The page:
Writing Sequels Responsibly

Ever since John and I published 60th Hour a year ago, I have been learning about the marketing and writing strategies employed by successful Indy authors. (Yes, I should have learned about those strategies before we published, but back then I didn’t even know what I needed to know. And I probably still don’t know.)

From what I have learned, one of the most important tools for successful fantasy authors is the sequel. If fans like the characters and universe you created, they will want to go back there again for a second book. I totally understand this — back in my college days when we were waiting for the Silmarillion to be published, I would buy and read anything that involved Tolkien or Middle Earth. I almost bought The Screwtape Letters just because the book was dedicated to Tolkien.

Sequels also provide opportunities for direct marketing. One consistent piece of advice I’ve heard from successful Indy authors is this: use your first book to sell your second. For example, if you have a sequel to your initial story, you can run a promotion in which you give your first book away for free. People who read the free book may enjoy it enough to be willing to pay for the sequel.

However, sequels can be problematic. As a reader and movie fan, I’ve been burned by sequels which destroy the happy ending of the original story. I’ve also read sequels that trashed the characters from the first book to the point where they were no longer people I cared about.

Sequels can also be disappointing. After waiting all that time for the Silmarillion, I was dissatisfied when I finally read it. Yes, I am fully aware that the Silmarillion was never intended to be a sequel to the Lord of the Rings, nor was it marketed as one. As a fan, however, I wanted a book similar to LOTR in composition, storytelling, and tone. What I got did not meet my expectations. In the years since then, I have come to appreciate the Silmarillion for what it is, but at the time I was vastly disappointed.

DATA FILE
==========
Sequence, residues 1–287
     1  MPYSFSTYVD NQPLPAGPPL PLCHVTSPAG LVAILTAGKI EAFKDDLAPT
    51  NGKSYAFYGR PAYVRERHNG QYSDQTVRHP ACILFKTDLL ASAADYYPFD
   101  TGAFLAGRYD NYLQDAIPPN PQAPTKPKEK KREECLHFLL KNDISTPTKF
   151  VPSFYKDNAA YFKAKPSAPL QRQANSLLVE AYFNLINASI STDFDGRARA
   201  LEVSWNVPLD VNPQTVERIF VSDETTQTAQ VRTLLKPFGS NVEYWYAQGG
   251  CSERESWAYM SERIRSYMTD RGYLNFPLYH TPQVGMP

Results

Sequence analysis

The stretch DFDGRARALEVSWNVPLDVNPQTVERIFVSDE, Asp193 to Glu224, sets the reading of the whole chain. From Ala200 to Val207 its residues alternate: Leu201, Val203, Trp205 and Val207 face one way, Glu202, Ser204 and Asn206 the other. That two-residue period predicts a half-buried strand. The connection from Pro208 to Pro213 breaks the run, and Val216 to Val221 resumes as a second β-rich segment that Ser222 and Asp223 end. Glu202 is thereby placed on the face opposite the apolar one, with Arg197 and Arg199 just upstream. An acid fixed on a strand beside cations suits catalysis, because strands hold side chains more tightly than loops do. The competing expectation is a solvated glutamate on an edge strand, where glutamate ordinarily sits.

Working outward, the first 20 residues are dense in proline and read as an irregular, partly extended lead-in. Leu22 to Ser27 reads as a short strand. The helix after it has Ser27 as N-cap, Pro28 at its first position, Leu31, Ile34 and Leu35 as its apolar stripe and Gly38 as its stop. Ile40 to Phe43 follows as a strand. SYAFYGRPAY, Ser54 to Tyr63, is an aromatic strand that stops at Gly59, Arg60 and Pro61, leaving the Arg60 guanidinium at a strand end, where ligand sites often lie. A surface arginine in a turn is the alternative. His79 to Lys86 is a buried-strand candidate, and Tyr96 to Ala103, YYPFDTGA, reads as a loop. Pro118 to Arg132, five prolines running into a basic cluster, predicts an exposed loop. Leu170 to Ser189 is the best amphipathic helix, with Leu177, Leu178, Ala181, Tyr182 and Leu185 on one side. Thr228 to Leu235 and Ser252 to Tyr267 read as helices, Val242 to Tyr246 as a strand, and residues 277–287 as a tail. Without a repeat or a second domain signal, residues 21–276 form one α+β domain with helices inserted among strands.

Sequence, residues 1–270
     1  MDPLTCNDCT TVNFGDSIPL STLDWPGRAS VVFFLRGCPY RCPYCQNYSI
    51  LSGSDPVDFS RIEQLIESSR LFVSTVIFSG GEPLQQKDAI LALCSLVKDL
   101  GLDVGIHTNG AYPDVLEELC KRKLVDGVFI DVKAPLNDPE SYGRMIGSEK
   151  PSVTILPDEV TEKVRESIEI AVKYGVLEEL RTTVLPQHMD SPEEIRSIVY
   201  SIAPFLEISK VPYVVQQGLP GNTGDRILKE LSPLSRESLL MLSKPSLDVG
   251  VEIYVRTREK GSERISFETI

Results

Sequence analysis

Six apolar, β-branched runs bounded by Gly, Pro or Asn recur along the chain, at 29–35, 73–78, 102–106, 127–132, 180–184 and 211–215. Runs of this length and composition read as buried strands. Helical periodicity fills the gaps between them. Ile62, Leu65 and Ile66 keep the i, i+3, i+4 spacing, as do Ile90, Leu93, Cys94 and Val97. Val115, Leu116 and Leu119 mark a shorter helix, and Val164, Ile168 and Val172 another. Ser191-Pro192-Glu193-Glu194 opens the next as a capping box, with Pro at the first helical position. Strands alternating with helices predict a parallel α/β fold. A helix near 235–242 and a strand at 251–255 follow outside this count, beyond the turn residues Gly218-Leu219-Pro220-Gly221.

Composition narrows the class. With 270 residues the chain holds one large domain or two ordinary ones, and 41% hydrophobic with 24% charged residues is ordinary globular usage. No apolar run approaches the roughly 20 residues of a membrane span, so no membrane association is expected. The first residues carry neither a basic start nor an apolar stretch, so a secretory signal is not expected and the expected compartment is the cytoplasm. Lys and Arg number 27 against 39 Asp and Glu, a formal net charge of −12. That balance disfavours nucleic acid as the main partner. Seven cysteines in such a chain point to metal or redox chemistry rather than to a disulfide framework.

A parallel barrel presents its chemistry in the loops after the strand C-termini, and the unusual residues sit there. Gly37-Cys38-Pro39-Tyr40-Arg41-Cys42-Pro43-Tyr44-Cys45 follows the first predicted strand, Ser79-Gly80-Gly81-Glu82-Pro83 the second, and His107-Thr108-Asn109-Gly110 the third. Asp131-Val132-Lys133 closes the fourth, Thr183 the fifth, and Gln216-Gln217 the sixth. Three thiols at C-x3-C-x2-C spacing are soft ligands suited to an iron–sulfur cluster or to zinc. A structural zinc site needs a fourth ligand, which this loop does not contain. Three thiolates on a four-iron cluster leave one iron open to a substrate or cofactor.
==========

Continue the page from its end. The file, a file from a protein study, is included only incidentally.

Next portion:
On the other hand, I have read sequels that were as good as or even better than the first book. While I enjoyed Anne McCaffrey’s Dragonflight, I was totally engrossed with the sequel Dragonquest. I read the last third of the latter book in one sitting because I didn’t want to stop reading to do anything else.

There are many different types of sequels, but for the moment, I want to focus on one specific type: a sequel to a heroic fantasy novel in which the first book tells a complete story with a happy ending and no cliff-hangers. If an author wants to write a sequel involving the same characters, are there ways to do that without destroying the happy ending of the first book?

In my opinion, the writer must walk a fine line to do so. The author needs to develop new conflicts to challenge the characters and let the characters grow without destroying those characters. Ideally, the plot in the sequel should flow logically from what happened in the first book, but not unravel the happy ending of the first book or take away the gains made by the characters. In addition, the new threat the characters face should not just be a rehash of the old threat. Continuing villains are ok to a point, but can quickly become monotonous. (Did we really need another Death Star?)

Of course, it’s easy to say all these things as a reader, but now I have to put them into practice as a writer. As I continue working on the second draft of Prophecy’s Malignant Son, John and I are also looking at possible plotlines for the sequel to that story. I know what I have seen work well and not-so-well in the past, but can John and I put that knowledge to use in our next book? (And the two of us don’t necessarily agree on what constitutes a good sequel, which makes our current exercise in co-authoring even more fun.)

Anyway, talk to you next Friday. In the meantime, if you are going to sequel, make sure that you always do so responsibly!

Susan 4/2/2021

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